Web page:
Something I don't understand here, Why is USB-C not considered proprietary port whereas the thunderbolt port was considered proprietary?

    I am pretty sure that you have to pay intel to add USB-C capability to any devise, and part of that is a fee for the USB-C port.

    I think the real thing going on is that USB has such a market following as a connection protocol, but Thunderbolt didn't have much of a following. Since,

    1. Tyson Key

      Unlike ChunderBolt (which was a brilliant idea, until Intel crippled it by deciding to gouge people in licensing fees, in order to access the specs detailing the Secret Sauce that they added to garden-variety DisplayPort, and PCI Express); USB's "non-proprietary", or "open", in the sense that anyone can obtain the specs for it for no-charge, without signing an NDA, or otherwise having to register; in order to develop drivers (and probably host interface controllers).

      However, if you want to actually manufacture a slave device (i.e. a peripheral), you've got to pay the price of a small car to reserve a non-transferrable Vendor ID, and a block of Product IDs - unless you're doing a small run of something like a USB-to-RS-232 converter, or something else based on throwing a fancy case on a generic reference design (in which case, some vendors will let you share their VID/PIDs, under certain conditions, like not using it with competitive chipsets).

  9. Slap

    Thunderbolt never took off, eh

    "Thunderbolt has always been fast, and has the nifty trick of connecting peripherals, carrying data and bringing video to monitors over a single cable — but it never took off."

    No shit Sherlock. The only mainstream manufacturer using thunderbolt is Apple. They've been putting on their consumer gear since 2011, and only on their, ahem, pro gear since early 2014 (yes, I know the mac pro was released late 2013, but nobody could get hold of one until 2014)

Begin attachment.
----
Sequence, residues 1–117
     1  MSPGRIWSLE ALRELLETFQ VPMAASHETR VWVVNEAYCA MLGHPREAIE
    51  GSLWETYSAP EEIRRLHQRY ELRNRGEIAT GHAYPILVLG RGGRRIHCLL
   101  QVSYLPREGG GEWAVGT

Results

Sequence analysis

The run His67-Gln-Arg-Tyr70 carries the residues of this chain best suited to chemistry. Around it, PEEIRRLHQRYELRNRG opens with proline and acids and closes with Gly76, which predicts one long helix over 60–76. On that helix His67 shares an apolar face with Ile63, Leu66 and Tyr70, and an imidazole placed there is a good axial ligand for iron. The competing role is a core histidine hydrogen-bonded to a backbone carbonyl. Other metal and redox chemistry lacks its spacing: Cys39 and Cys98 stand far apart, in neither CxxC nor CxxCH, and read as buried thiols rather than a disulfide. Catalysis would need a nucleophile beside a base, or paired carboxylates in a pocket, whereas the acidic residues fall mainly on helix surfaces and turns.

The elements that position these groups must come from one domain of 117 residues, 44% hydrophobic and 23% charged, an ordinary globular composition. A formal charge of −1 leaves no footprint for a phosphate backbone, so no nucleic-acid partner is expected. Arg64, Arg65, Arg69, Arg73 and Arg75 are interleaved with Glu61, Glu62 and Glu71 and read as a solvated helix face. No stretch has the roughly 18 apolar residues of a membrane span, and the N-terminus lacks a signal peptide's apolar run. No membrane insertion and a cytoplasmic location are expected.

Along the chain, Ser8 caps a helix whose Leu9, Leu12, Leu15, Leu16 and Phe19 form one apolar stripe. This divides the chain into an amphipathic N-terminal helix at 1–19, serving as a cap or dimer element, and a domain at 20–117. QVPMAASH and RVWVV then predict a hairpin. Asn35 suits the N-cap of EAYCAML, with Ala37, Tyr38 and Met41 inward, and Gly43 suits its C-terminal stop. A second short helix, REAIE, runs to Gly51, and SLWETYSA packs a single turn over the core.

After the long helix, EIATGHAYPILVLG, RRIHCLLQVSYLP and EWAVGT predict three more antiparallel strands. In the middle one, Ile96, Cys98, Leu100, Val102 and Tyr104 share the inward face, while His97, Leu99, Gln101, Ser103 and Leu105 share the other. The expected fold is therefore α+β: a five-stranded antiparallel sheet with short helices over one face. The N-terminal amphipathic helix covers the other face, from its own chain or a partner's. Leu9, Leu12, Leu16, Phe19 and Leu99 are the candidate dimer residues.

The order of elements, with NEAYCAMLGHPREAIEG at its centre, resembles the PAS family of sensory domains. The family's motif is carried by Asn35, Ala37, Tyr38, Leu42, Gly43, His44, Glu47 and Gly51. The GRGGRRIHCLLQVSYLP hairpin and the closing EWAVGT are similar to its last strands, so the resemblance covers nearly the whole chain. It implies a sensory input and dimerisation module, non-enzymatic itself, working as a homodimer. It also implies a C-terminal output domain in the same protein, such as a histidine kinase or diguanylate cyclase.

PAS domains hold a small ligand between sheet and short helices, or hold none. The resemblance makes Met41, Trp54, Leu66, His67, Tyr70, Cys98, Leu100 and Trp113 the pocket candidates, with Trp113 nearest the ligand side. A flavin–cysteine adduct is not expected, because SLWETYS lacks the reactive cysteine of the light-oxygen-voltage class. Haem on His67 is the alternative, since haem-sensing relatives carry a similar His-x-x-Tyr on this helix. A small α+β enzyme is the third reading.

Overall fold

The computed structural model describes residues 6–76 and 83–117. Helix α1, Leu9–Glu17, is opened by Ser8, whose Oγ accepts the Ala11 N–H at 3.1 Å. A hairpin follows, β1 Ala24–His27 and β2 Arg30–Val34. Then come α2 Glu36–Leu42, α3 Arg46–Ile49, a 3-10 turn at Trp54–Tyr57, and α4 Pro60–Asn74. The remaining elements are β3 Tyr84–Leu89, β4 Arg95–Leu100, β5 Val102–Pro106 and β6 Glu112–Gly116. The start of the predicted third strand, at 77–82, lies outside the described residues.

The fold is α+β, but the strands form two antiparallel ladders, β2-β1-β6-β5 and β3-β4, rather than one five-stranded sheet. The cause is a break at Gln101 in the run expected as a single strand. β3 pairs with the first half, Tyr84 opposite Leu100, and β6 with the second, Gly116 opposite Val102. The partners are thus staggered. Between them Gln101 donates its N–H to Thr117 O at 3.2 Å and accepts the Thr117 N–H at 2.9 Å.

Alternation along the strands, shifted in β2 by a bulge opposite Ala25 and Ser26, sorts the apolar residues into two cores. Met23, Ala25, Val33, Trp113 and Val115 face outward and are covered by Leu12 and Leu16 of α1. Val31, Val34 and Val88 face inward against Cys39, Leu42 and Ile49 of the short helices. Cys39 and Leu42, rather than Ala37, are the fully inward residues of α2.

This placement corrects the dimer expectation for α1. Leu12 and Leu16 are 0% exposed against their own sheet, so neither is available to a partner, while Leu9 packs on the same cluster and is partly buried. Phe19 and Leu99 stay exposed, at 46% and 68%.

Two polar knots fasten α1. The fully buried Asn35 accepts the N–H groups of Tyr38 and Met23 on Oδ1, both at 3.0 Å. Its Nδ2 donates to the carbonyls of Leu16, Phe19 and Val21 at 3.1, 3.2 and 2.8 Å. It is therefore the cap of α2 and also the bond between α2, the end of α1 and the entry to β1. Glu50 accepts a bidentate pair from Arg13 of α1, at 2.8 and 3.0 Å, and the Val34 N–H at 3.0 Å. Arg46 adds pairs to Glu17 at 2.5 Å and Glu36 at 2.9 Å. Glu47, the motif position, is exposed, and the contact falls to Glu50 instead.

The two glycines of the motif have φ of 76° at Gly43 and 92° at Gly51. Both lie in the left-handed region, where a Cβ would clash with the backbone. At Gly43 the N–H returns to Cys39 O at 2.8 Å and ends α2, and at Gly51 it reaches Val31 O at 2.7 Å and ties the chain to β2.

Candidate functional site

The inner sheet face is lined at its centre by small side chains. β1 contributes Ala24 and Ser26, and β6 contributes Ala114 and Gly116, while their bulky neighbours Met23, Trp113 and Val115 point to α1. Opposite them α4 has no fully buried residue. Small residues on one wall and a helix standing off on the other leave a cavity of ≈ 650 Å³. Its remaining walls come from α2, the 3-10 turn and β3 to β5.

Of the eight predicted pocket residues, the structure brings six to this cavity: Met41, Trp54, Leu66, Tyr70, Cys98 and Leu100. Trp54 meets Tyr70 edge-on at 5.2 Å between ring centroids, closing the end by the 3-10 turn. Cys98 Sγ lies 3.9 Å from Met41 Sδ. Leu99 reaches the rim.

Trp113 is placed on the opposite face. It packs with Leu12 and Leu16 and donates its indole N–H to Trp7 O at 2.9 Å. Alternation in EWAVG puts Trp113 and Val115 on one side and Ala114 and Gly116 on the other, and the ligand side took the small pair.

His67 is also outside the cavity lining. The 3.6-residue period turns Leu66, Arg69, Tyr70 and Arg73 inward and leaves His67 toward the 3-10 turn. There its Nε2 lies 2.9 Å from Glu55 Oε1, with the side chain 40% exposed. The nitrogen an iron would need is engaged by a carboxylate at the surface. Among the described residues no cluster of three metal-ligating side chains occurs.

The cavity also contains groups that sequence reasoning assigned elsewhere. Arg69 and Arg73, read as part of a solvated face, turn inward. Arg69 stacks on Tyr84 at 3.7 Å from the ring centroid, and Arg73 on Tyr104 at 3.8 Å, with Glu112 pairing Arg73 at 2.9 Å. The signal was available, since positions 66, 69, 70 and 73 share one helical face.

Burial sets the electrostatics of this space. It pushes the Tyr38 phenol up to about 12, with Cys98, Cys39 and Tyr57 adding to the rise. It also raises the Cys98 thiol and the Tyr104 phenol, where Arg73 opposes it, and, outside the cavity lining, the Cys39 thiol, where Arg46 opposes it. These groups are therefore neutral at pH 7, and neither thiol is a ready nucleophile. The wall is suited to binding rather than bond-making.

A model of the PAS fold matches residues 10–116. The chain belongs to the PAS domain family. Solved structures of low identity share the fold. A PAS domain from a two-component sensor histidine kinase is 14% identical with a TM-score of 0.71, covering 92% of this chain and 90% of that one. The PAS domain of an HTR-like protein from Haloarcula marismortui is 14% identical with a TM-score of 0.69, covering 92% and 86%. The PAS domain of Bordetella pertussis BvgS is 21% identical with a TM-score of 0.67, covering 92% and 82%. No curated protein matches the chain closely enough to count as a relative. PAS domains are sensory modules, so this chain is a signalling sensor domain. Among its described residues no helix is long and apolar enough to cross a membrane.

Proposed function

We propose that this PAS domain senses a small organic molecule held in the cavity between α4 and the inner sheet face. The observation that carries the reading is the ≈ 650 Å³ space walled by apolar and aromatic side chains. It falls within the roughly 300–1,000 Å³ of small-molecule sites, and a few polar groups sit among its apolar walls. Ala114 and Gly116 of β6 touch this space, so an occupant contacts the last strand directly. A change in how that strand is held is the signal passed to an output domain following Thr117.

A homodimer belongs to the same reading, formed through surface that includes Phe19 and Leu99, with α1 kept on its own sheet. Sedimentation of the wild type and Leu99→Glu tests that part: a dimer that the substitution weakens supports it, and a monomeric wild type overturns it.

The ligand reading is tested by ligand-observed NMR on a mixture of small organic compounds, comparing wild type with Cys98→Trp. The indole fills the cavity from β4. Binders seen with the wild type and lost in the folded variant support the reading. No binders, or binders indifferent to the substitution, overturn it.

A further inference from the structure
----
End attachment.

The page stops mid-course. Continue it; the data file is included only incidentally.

You can pick up a 1TB usb spinning drive for, i dunno, going by the prices here in Swtzerland, for around £50. An equivalent thunderbolt drive would be topping £300, and that would still be spinning rust at it's heart. No consumer is going to go for the thunderbolt alternative. In fact I believe the vast majority of pro users would also baulk at the cost of TB preipherals, with perhaps the exception being RAID storage.

    It was, still is, a damned good interface, but ruined by price gouging and licensing costs. I have 3 macs with Thunderbolt interfaces and never once has a thunderbolt device graced the appropriate orifices.

  10. Big_Boomer Bronze badge

    Dead Duck

    Thunderbolt is deceased as a dead duck pushing up Daisies. Who wants cables in this day and age when you can stream wirelessly from your handheld device.

    Can I do it? No!

    Have I seen it on some advert on TV? Yes.

    Do I want it enough to spaff vast wads of cash? No!

  11. CaptainBanjax

    All I want

    Is drivers for DisplayLink docks for Linux...sooo fricken bad.

  12. Byron in Miami

    Can someone translate "gets a guernsey" for me? Google Translate is stumped on that colloquialism.